Barbie movie review: Barbie movie is being imagined in the Margot Robbie-Ryan Gosling movie for a time where asking questions is more essential than having patience for responses and where options are always either/or.
In a world where women are taught they can be anything, too frequently they still have to be dolls as well, as Natasha Walter, the author of Living Dolls: The Return of Sexism, recently stated. Be flawless and organised at all times, as required.
The opposite is also attempting to be true in Barbie movie, who was created by Mattel, the company that gave us the namesake doll in the first place: now that there is a Barbie who can be anything, she must also be a woman. Dolls should be found in our women, or should we hunt for women in dolls? Feminism has undoubtedly advanced past this point.
Details of Barbie movie namely Movie Name, Director, Starring and Story line
Movie Name: Barbie (English)
Director: Greta Gerwig
Starring: Margot Robbie, Ryan Gosling, America Ferrera, Kate McKinnon, Issa Rae, Rhea Perlman, Will Ferrell
Running time: 114 minutes
Storyline: When the ideal doll begins to display human flaws like cellulite and death-related thoughts, it is time to get out the big, pink armaments.
The talented Greta Gerwig’s film, which she co-wrote with her partner Noah Baumbach, aims to reinvent Barbie for a time when asking questions is more important than having patience for explanations and where options are always either/or: a stiletto or a Birkenstock, a Ken or a can be, patriarchy or the war of the genders.
The movie is still about the “stereotypical Barbie” finding herself; she is slender, tall, and gorgeous. Not the Weird Barbie dressed as a clown, not the President or Doctor Barbie, and not the pregnant (and discarded) Barbie. Gerwig sticks with the Barbie who will be received the most favourably in an effort to refocus the focus inward on the phenomena of the doll and its numerous reinventions to remain relevant.
The film’s best scenes occur when Robbie’s Barbie leaves Barbie Land and enters the “real world” after learning to her shock that she is gaining cellulite on her thighs and that her feet have become flat rather than arched like the heels she wears. It’s been “downhill” ever since she recently had death-related ideas, which in one scenario were really compared to cellulite.
Now Robbie’s Barbie has to venture out into the real world and discover what’s bothering the owner of her doll version, which through some sort of “space continuum” blah blah is rubbing off on her as well. When Ryan Gosling’s Ken joins them, Barbie quickly finds that, in contrast to what they have been told in Barbie Land, the production of dolls in the likeness of wealthy individuals who rule the globe does not imply that the real world has changed.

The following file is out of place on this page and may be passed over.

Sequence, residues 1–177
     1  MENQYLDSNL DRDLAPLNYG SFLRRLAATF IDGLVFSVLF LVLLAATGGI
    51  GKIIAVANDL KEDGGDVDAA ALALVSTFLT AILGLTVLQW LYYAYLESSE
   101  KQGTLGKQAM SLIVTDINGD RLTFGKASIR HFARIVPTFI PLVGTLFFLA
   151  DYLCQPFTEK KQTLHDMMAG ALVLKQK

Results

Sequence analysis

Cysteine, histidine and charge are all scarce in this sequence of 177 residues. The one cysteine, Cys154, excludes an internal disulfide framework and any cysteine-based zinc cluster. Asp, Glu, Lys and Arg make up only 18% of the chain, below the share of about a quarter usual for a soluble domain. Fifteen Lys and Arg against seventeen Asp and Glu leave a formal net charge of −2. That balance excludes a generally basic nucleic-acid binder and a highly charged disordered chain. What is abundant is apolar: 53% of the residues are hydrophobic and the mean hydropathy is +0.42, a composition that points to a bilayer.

In contrast to Barbie Land, where the Kens serve as the Barbies’ mere appendages, men are in charge here. As a result, Gosling’s Ken is obsessed with what he discovers in reality. In the meantime, everything Barbie learns astounds her.
But almost as soon as the movie starts to focus on how a Barbie and Ken would fit in, in the real world, we are sent back to Barbie Land. Come accompany the genuine mother-daughter team who are the proud owners of Robbie’s Barbie doll.
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You can’t help but sense that the movie was heavily influenced by Mattel. While the movie raises uncomfortable questions about Barbie and what she represents or doesn’t for real women, it makes sure that the least uncomfortable ones are left in the background or are treated as weak gags.
Due to her established reputation from films like Lady Bird and Little Women, Gerwig is an inspired choice. Her influence can be seen in the subtle digs at the gender divide and the meta awareness that Barbie is, at her core, a thing of beauty to be appreciated. And unquestionably adored by many. It’s too slick for its own good when Helen Mirren, who plays the narrator, remarks that casting Robbie was the whole purpose of Barbie truly never being ugly.
The irony is that Robbie in real life is a wonderful illustration of the tone Barbie could have chosen. You may like the ambition of Robbie as producer and Gerwig as director in associating with a project that could have gone either way, and it does go right for the most part.
Never lacking in beauty is the captivating Robbie. She is never merely attractive. She fills your hearts with warmth while simultaneously inspiring wonder. You may look past her blond hair, boobs, and figure to identify with her in any way.
Gosling has a considerably smaller part, but his struggle as the unnecessary Ken plays out more satisfactorily. Gosling is an actor with latent appeal, like Robbie, who can swagger into a room and command it or let his woman do her thing.
Gerwig made a wise choice in casting these two charming performers as her leads. If only her Barbie and Ken were comparable to them—whether they were made of plastic or were magnificent.